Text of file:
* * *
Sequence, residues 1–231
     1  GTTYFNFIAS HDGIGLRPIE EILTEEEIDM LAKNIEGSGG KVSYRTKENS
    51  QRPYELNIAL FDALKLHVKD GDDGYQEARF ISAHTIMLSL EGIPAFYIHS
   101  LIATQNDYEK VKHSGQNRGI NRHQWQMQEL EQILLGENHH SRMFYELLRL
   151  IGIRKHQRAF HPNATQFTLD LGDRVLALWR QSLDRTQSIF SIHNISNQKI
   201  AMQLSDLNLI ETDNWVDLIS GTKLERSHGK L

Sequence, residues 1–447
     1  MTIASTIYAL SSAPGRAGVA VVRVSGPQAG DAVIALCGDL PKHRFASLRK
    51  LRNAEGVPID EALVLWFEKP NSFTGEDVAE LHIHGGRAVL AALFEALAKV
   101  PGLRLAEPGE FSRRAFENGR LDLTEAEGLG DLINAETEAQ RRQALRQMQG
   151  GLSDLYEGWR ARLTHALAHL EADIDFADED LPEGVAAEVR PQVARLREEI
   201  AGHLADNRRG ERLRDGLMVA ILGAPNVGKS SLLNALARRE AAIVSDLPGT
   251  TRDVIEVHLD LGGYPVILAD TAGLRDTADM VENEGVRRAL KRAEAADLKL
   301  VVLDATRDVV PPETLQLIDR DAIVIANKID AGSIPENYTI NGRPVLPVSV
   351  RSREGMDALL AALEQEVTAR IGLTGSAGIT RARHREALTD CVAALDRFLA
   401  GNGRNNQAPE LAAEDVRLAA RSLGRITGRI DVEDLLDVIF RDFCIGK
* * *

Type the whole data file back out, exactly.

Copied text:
Sequence, residues 1–231
     1  GTTYFNFIAS HDGIGLRPIE EILTEEEIDM LAKNIEGSGG KVSYRTKENS
    51  QRPYELNIAL FDALKLHVKD GDDGYQEARF ISAHTIMLSL EGIPAFYIHS
   101  LIATQNDYEK VKHSGQNRGI NRHQWQMQEL EQILLGENHH SRMFYELLRL
   151  IGIRKHQRAF HPNATQFTLD LGDRVLALWR QSLDRTQSIF SIHNISNQKI
   201  AMQLSDLNLI ETDNWVDLIS GTKLERSHGK L

Sequence, residues 1–447
     1  MTIASTIYAL SSAPGRAGVA VVRVSGPQAG DAVIALCGDL PKHRFASLRK
    51  LRNAEGVPID EALVLWFEKP NSFTGEDVAE LHIHGGRAVL AALFEALAKV
   101  PGLRLAEPGE FSRRAFENGR LDLTEAEGLG DLINAETEAQ RRQALRQMQG
   151  GLSDLYEGWR ARLTHALAHL EADIDFADED LPEGVAAEVR PQVARLREEI
   201  AGHLADNRRG ERLRDGLMVA ILGAPNVGKS SLLNALARRE AAIVSDLPGT
   251  TRDVIEVHLD LGGYPVILAD TAGLRDTADM VENEGVRRAL KRAEAADLKL
   301  VVLDATRDVV PPETLQLIDR DAIVIANKID AGSIPENYTI NGRPVLPVSV
   351  RSREGMDALL AALEQEVTAR IGLTGSAGIT RARHREALTD CVAALDRFLA
   401  GNGRNNQAPE LAAEDVRLAA RSLGRITGRI DVEDLLDVIF RDFCIGK